Nature Medicine Published online: 13 June 2010 | doi:10.1038/nm.2170
Basak E Uygun1, Alejandro Soto-Gutierrez1,6, Hiroshi Yagi1,6, Maria-Louisa Izamis1, Maria A Guzzardi1,2, Carley Shulman1, Jack Milwid1, Naoya Kobayashi3, Arno Tilles1, Francois Berthiaume1,4, Martin Hertl5, Yaakov Nahmias1,6, Martin L Yarmush1,4 & Korkut Uygun1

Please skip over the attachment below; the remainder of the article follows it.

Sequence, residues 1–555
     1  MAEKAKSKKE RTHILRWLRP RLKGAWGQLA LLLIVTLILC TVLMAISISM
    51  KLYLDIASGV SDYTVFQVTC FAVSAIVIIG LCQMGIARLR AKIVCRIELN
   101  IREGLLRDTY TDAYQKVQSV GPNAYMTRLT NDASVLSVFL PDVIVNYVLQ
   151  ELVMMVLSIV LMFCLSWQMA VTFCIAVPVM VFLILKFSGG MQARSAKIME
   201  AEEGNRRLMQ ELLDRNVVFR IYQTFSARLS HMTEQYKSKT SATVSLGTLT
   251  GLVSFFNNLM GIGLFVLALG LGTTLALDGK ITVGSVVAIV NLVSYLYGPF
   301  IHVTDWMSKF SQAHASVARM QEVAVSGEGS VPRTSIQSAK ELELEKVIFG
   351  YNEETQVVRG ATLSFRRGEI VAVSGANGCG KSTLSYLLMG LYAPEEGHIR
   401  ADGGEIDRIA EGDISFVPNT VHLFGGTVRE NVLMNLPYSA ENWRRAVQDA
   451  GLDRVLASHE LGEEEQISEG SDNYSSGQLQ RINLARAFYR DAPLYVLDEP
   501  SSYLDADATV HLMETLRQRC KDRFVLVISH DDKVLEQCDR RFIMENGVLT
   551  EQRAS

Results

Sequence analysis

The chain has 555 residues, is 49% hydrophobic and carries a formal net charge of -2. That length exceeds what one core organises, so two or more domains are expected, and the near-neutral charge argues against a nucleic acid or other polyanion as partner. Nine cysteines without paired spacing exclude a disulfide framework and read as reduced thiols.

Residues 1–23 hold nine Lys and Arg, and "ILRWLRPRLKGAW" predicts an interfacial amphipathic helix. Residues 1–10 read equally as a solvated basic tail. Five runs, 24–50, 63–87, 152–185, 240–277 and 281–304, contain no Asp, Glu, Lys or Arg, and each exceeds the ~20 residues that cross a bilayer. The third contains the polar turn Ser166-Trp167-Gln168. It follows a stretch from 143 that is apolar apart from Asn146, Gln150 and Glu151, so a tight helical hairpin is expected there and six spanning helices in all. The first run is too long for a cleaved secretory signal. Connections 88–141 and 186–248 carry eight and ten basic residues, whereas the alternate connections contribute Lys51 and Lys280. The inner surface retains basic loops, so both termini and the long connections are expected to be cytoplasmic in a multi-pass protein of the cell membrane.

Orthotopic liver transplantation is the only available treatment for severe liver failure, but it is currently limited by organ shortage. One technical challenge that has thus far limited the development of a tissue-engineered liver graft is oxygen and nutrient transport. Here we demonstrate a novel approach to generate transplantable liver grafts using decellularized liver matrix. The decellularization process preserves the structural and functional characteristics of the native microvascular network, allowing efficient recellularization of the liver matrix with adult hepatocytes and subsequent perfusion for in vitro culture. The recellularized graft supports liver-specific function including albumin secretion, urea synthesis and cytochrome P450 expression at comparable levels to normal liver in vitro. The recellularized liver grafts can be transplanted into rats, supporting hepatocyte survival and function with minimal ischemic damage. These results provide a proof of principle for the generation of a transplantable liver graft as a potential treatment for liver disease.